Related topics: stars · black holes · galaxies · massive stars

Hubble catches cosmic snowflakes

Almost like snowflakes, the stars of the globular cluster NGC 6441 sparkle peacefully in the night sky, about 13,000 light-years from the Milky Way's galactic center. Like snowflakes, the exact number of stars in such a cluster ...

Hot stars are plagued by giant magnetic spots

Astronomers using European Southern Observatory (ESO) telescopes have discovered giant spots on the surface of extremely hot stars hidden in stellar clusters. Not only are these stars plagued by magnetic spots, some also ...

How did supermassive black holes grow so fast?

Black holes in the early universe pose a bit of a problem. Based on observations from telescopes on Earth and in space, we know that some black holes grew to be a billion times the mass of the sun just one billion years after ...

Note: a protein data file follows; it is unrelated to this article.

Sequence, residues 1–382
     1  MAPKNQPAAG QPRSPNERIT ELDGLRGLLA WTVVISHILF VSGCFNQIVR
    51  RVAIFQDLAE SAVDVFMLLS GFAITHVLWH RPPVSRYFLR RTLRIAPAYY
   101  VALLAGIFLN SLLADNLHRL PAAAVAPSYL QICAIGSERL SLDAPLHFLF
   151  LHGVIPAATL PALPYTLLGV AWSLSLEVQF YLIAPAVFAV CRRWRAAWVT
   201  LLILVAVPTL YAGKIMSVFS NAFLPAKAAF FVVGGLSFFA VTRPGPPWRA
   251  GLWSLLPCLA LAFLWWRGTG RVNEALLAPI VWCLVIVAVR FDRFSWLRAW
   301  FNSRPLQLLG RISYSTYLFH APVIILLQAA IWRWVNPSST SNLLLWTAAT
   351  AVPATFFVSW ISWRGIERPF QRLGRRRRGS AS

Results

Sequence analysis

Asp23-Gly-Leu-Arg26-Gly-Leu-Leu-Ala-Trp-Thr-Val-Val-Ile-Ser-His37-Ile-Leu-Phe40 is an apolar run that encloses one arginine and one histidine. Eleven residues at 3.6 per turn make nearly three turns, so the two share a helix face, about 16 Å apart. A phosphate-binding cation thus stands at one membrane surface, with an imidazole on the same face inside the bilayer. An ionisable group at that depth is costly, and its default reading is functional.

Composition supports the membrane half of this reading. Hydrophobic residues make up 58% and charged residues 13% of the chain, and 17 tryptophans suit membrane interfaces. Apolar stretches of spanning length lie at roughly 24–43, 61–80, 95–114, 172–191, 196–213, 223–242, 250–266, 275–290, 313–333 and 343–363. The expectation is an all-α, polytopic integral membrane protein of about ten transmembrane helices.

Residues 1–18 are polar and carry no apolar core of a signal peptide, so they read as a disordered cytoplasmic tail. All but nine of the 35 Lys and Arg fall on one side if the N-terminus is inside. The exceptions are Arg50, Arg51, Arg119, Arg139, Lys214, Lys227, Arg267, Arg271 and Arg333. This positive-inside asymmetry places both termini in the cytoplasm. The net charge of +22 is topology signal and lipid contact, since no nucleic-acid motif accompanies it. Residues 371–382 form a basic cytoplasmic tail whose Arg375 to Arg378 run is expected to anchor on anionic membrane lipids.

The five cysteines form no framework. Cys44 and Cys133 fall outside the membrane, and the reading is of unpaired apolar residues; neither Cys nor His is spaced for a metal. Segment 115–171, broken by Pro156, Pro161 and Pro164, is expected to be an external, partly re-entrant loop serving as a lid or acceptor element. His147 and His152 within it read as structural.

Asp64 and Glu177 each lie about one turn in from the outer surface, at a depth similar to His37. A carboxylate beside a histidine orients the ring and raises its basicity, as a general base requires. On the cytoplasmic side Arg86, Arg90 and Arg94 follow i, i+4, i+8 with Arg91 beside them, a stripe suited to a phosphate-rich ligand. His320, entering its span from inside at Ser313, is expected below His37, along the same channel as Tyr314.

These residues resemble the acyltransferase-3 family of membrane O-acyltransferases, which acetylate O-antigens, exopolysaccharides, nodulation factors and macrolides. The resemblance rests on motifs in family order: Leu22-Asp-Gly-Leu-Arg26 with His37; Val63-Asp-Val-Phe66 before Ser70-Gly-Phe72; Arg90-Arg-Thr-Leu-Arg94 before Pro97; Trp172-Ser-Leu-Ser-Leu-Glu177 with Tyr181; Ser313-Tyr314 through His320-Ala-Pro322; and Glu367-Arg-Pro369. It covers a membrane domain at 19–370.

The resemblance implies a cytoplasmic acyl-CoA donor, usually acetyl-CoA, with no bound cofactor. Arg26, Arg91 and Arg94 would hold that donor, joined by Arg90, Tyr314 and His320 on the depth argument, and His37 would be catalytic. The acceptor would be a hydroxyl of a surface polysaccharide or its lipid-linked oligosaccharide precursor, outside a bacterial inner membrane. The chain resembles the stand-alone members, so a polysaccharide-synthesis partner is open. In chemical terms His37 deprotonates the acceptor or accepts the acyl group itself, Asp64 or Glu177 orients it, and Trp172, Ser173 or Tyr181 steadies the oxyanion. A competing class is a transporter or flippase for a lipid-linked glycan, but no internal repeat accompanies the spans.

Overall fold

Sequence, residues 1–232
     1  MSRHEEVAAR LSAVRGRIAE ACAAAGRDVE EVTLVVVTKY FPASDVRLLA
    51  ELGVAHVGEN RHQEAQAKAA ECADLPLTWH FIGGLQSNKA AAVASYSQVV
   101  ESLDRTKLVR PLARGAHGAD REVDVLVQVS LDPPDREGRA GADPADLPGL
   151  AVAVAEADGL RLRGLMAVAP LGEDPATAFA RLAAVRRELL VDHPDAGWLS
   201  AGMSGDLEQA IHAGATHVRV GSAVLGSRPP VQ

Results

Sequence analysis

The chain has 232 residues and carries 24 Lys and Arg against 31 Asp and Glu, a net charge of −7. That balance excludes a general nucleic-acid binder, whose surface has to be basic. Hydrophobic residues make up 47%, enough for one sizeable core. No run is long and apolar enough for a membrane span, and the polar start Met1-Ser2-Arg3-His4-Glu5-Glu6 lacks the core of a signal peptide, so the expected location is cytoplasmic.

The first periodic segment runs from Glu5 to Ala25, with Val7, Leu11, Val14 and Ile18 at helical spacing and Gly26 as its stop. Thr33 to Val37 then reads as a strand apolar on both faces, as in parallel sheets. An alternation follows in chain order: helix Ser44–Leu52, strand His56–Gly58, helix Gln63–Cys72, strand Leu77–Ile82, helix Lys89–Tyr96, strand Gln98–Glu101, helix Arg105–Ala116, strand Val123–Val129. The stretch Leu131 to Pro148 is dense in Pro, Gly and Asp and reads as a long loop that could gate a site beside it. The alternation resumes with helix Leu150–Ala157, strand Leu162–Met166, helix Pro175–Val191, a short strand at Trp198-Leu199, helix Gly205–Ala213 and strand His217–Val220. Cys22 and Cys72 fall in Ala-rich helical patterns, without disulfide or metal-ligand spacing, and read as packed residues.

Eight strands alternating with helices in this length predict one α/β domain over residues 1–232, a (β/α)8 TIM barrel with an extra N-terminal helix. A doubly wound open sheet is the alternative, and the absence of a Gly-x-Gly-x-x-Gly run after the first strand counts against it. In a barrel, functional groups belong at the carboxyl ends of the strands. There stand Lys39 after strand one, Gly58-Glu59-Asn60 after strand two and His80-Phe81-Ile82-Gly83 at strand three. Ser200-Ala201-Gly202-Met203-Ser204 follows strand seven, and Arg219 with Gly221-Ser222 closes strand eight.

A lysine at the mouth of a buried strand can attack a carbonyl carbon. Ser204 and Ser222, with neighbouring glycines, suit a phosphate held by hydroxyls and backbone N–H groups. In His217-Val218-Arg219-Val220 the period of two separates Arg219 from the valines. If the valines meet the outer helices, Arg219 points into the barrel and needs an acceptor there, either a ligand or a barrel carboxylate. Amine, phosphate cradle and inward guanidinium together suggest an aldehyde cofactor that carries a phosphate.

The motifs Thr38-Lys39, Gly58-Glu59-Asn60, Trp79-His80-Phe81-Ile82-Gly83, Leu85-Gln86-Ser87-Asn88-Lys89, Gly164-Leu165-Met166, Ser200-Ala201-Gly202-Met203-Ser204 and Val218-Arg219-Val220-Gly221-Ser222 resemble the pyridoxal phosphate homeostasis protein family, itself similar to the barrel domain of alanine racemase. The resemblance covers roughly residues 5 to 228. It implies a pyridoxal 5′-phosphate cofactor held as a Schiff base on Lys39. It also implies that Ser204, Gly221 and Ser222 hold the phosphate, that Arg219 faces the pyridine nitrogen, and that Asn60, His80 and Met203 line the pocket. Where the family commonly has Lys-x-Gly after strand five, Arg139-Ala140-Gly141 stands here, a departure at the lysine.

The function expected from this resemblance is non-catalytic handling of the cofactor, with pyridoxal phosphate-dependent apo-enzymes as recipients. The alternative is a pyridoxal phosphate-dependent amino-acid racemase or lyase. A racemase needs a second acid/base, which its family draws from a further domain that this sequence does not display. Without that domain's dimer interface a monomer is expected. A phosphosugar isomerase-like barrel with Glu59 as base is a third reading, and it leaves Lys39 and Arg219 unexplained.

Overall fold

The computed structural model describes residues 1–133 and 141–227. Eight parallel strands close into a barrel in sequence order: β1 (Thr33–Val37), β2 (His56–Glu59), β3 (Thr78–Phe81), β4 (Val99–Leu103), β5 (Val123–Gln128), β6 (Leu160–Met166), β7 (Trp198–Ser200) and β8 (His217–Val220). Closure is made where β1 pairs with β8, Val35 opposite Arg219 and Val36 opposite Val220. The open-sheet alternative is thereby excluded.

Dating our galaxy's dormant volcano

(Phys.org) —A dormant volcano—a supermassive black hole—lies at the heart of our galaxy. Fresh evidence suggests that it last erupted two million years ago.

Super-freezer supernova 1987A is a dust factory

(Phys.org) —Surprisingly low temperatures detected in the remnant of the supernova 1987A may explain the mystery of why space is so abundant with dust grains and molecules. The results will be presented by Dr Mikako Matsuura ...

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